Level the Playing Field, a group pushing to open up the presidential debates to an independent candidate, filed an historic lawsuit Monday in U.S. District Court. The lead plaintiffs were joined by the Green Party of the United States and the Libertarian National Committee in asking the Court to compel the Federal Election Commission to act on a complaint they have flat-out ignored for nine months.
The case concerns violations of federal law by two institutions the Democratic and Republican parties have used to perpetuate their stranglehold on the American political system: the Commission on Presidential Debates (“CPD”), an organization the two parties created for the express purpose of keeping third-party and independent candidates out of debates, and the Federal Election Commission (“FEC”), a “bipartisan” agency run by members of the two major parties, which refuses to carry out its statutory mandate to enforce the federal election laws that the CPD is blatantly violating.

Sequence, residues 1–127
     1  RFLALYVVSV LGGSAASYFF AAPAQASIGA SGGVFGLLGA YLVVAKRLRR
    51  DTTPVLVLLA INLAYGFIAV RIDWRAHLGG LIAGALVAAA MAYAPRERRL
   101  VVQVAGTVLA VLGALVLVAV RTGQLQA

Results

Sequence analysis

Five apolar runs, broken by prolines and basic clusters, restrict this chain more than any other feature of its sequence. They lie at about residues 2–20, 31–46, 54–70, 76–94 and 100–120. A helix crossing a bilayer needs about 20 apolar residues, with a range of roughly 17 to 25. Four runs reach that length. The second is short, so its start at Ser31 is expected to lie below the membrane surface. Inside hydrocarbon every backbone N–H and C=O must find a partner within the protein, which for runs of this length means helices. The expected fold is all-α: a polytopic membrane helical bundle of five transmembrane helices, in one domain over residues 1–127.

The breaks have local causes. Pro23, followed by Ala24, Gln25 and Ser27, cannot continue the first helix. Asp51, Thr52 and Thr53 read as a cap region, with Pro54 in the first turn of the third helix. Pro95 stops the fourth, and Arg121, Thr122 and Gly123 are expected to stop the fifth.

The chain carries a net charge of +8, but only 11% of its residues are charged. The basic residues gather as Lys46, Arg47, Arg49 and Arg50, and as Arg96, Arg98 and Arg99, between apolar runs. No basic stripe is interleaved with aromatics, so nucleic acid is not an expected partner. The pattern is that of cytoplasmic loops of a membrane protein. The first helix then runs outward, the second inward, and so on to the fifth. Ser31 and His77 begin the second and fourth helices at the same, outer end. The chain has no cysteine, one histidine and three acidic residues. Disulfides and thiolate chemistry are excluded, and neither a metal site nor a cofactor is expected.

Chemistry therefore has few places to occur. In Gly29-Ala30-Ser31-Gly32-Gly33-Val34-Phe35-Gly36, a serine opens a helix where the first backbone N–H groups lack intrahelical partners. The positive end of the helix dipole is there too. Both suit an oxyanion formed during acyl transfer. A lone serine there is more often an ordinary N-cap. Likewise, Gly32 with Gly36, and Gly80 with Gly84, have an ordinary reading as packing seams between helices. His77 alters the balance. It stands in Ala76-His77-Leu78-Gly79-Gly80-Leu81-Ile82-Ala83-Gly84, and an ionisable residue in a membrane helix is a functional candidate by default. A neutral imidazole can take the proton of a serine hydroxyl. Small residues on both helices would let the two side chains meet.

Here is a link to the filing.
It is obvious that no one can be elected President without participating in the general election debates. Yet the CPD has rigged the rules governing who can be in the debates to ensure that no candidate other than the Democratic and Republican nominees will ever be invited to the stage.
The principal architect of these rules is CPD co-chairman and co-founder Frank Fahrenkopf, Jr., the former Republican National Committee chairman, who refers to the CPD as “my commission” and describes himself as “the Wizard of Oz” for his “behind the scenes” manipulation of our political system. Mr. Fahrenkopf freely admitted in April 2015 that the CPD’s “system” for selecting candidates consists of “go[ing] with the two leading candidates . . . the two political party candidates.”
American voters want greater choice and more competition in politics; 53% are unsatisfied with the two party system, and 58% believe a third party is needed. Record numbers of Americans – well over 40% – now identify themselves as independent, and 62% say they would vote for an independent candidate for president in 2016.
It’s no wonder the effort to open the debates is attracting so much attention. More than 200 media outlets published stories about the filing of yesterday’s lawsuit.
Here are links to some of the news coverage:
Financial Times: Presidential debates face legal action (behind paywall)
Editor’s note: This article originally published on Presidential Debate News on June 23, 2015.